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A Primative (but Free!) Corn Sheller

This homesteader had plenty of dried corn and chickens to feed it to, but no money to buy a corn sheller. The solution was to make one.

| January/February 1983

  • corn sheller - sheller hole w/ four protruding nails
    Drive in four nails at the 3, 6, 9, and 12 o'clock positions. It's simple but it will do the job.
    Ronald B. Brown
  • corn sheller - brace & bit or chisel methods
    A brace and bit is useful, but it you don't have one already a wood chisel will work. The hole doesn't need to be perfect.
    Photo by Ronald B. Brown
  • corn sheller - little girl using free corn sheller
    Anyone can use the corn sheller, even a child.
    Photo by Ronald B. Brown

  • corn sheller - sheller hole w/ four protruding nails
  • corn sheller - brace & bit or chisel methods
  • corn sheller - little girl using free corn sheller

Many years ago, when I first kept chickens, I found myself running low on poultry feed and short on cash. Luckily for me, a farmer down the road had a cornfield that was so mucky he couldn't get into it with his tractor. Rather than let the crop go to waste he offered to let me handpick what I wanted for $1.00 per bag — regardless of the size of the sacks used!

So, knowing a real bargain when I see one, I promptly "volunteered" all available family members for corn-harvesting duty. We picked the dried-on-the-stalk ears in the sun and in the rain ... we picked when it was so cold that ice covered the puddles in the tractor-tire ruts ... we even picked with snow on the ground and after the earth turned to mush the following spring.

Obviously, we got more than enough chicken feed, and — even more obviously — most of our spare time that winter was spent husking and shelling corn. (Fortunately, corn keeps best on the cob, so we were able to shell it as we needed it.)

There Are Easier Ways

I must say, a corn sheller sure would have been nice to have had that year. At the time, both Montgomery Ward and Sears sold models that could be clamped onto the side of a barrel and — according to catalog descriptions — would process 14 bushels an hour. (I personally have grave doubts about achieving any such production rate. The machine can probably stand up to the task if you can turn the handle fast enough, but should you actually push yourself that hard the first hour, you'll likely be too tired to shell any corn the following hour!) In those lean times, though, I simply didn't have the $25 required to make such a purchase; today the same shelters cost $60 to $65!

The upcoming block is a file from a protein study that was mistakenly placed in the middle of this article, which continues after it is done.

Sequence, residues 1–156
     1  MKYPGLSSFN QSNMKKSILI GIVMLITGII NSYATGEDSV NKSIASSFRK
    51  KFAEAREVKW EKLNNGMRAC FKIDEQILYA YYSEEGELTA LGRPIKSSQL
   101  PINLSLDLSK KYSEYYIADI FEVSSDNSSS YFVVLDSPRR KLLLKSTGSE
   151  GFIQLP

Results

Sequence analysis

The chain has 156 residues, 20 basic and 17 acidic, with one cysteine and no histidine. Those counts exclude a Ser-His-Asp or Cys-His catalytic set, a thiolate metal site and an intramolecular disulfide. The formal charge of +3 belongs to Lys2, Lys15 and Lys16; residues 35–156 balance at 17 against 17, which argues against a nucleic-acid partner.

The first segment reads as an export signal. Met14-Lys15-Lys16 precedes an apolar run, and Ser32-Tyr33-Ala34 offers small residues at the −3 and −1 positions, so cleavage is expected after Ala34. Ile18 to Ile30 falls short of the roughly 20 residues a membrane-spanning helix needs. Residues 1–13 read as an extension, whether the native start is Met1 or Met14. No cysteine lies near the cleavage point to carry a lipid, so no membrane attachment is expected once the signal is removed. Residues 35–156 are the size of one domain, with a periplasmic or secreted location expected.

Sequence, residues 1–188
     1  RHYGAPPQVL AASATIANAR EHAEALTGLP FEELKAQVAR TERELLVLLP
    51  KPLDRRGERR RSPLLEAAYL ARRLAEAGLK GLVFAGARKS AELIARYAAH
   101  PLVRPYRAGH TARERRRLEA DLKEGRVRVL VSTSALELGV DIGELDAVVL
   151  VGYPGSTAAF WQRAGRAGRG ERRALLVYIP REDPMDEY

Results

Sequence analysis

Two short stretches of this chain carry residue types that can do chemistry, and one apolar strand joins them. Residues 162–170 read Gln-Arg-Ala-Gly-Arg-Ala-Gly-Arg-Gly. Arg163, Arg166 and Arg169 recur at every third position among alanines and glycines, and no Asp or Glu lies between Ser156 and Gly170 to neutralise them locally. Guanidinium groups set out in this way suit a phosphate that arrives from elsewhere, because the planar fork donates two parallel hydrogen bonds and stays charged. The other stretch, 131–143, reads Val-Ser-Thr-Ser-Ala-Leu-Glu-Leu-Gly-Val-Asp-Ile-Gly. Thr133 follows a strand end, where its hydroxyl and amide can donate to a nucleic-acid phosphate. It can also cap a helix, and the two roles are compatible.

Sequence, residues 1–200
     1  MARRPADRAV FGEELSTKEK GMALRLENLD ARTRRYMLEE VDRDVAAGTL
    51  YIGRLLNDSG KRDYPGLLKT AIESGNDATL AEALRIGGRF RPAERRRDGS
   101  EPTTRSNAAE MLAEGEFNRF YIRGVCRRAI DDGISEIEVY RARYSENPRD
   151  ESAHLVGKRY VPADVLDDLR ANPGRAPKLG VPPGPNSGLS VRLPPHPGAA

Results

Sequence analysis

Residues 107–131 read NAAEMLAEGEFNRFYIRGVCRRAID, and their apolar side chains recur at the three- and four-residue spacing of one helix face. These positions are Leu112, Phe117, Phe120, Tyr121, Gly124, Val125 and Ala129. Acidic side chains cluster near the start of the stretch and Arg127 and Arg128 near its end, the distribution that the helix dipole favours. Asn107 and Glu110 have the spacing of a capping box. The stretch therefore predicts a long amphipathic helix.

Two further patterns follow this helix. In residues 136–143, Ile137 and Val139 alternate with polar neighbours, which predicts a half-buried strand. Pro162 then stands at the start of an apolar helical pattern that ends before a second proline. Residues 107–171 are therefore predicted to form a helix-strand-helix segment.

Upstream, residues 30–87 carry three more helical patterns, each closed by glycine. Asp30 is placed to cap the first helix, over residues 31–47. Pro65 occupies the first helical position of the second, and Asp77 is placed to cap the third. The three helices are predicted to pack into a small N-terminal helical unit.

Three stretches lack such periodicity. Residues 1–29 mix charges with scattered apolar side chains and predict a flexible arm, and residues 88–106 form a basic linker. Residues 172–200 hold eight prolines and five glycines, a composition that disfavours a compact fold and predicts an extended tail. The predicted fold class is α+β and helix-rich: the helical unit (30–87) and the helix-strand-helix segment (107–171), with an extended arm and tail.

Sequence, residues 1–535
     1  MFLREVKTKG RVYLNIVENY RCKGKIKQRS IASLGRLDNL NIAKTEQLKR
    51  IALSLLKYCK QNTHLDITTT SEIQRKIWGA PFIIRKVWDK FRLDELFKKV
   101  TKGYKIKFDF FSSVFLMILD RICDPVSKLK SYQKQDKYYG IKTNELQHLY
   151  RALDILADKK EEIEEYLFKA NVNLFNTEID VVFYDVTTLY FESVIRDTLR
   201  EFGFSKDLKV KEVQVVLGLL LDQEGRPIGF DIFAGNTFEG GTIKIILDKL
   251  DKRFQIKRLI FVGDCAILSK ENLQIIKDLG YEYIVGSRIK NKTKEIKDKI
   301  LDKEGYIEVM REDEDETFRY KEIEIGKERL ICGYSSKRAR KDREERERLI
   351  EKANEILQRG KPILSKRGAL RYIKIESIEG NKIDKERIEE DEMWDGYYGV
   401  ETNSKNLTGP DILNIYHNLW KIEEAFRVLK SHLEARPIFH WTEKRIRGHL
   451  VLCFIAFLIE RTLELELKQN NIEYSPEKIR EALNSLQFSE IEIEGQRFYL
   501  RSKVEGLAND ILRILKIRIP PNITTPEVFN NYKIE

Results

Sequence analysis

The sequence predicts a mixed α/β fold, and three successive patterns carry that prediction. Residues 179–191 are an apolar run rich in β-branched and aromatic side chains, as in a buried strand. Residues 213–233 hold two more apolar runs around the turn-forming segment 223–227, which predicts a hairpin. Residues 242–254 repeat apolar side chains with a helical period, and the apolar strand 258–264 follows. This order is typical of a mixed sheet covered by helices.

So we processed our chicken-feed bonanza all by hand. To do this, you simply grasp a dry ear of corn horizontally in front of you (as if it were the handle of a lawn mower) and, while holding it over a container of some kind, twist your hands back and forth. The kernels will be rubbed from the cob and fall into the bucket — right along with tiny flecks of skin scraped painfully from your palms and fingers. (If your hands are in shape, they won't get sore until you're into the third bushel. If not, I hope you have a good remedy for blisters.)

Over the years, my wife and children and I have shelled literally hundreds of bushels of corn by this method. But (and here's the good news) I've finally come up with a better way — a no-cost, 30-minutes-to-build, it-really-works, no-moving-parts corn sheller! Now my invention can't compete with a factory-made model, but the device does make the job much easier than it was with the two-fisted method! And as is true of many successful tools, the key to its efficiency is simplicity.

Leta Bez-Wogen
11/20/2019 10:32:20 AM

We were searching for info on cleaning dry corn in order to burn it in a furnace for warmth when I came across your article. We found your description of things charming and informative. We bought a corn furnace last winter and spent evenings hand cleaning the cob and fines from bagged corn by pouring amounts into old bicycle baskets and shaking them back and forth. The baskets worked well because the holes were finer screen and the corn went through the wider screen at the bottom of the basket into a bucket - leaving the cob in the basket. When the bucket was full we'd haul it over to a self made fine screen (consisting of wood left over from a bike display rack we'd dismantled ) of two troughs, placed opening to opening with fine screen in between. It was set at an angle and the corn ran down the chute landing in one bucket and the fines in another. We could then pour the corn into the hopper at that point. The gentle shh of the furnace and the warmth it created (after all we didn't get it until December and it was dang cold in MN by then!) was comforting as we sat side by side cleaning corn. However the work was hard and my mate is trained as a mechanical engineer so this year we have worked out a way to have the corn cleaned through a new contraption he built from outside into our basement, using the gravity of our basement stairs and ending up in a red, mysterious, fiberglass container we found in the basement when we moved in. It will hold 3/4 of a ton. This means we can have the corn delivered by a truck with a chute to pour corn into the top of our cleaner, affording great savings for us - the bags were expensive. I don't know why I tell you all this except I got an impression you would understand - we never get opportunity to explain things and we are so happy with our plans.

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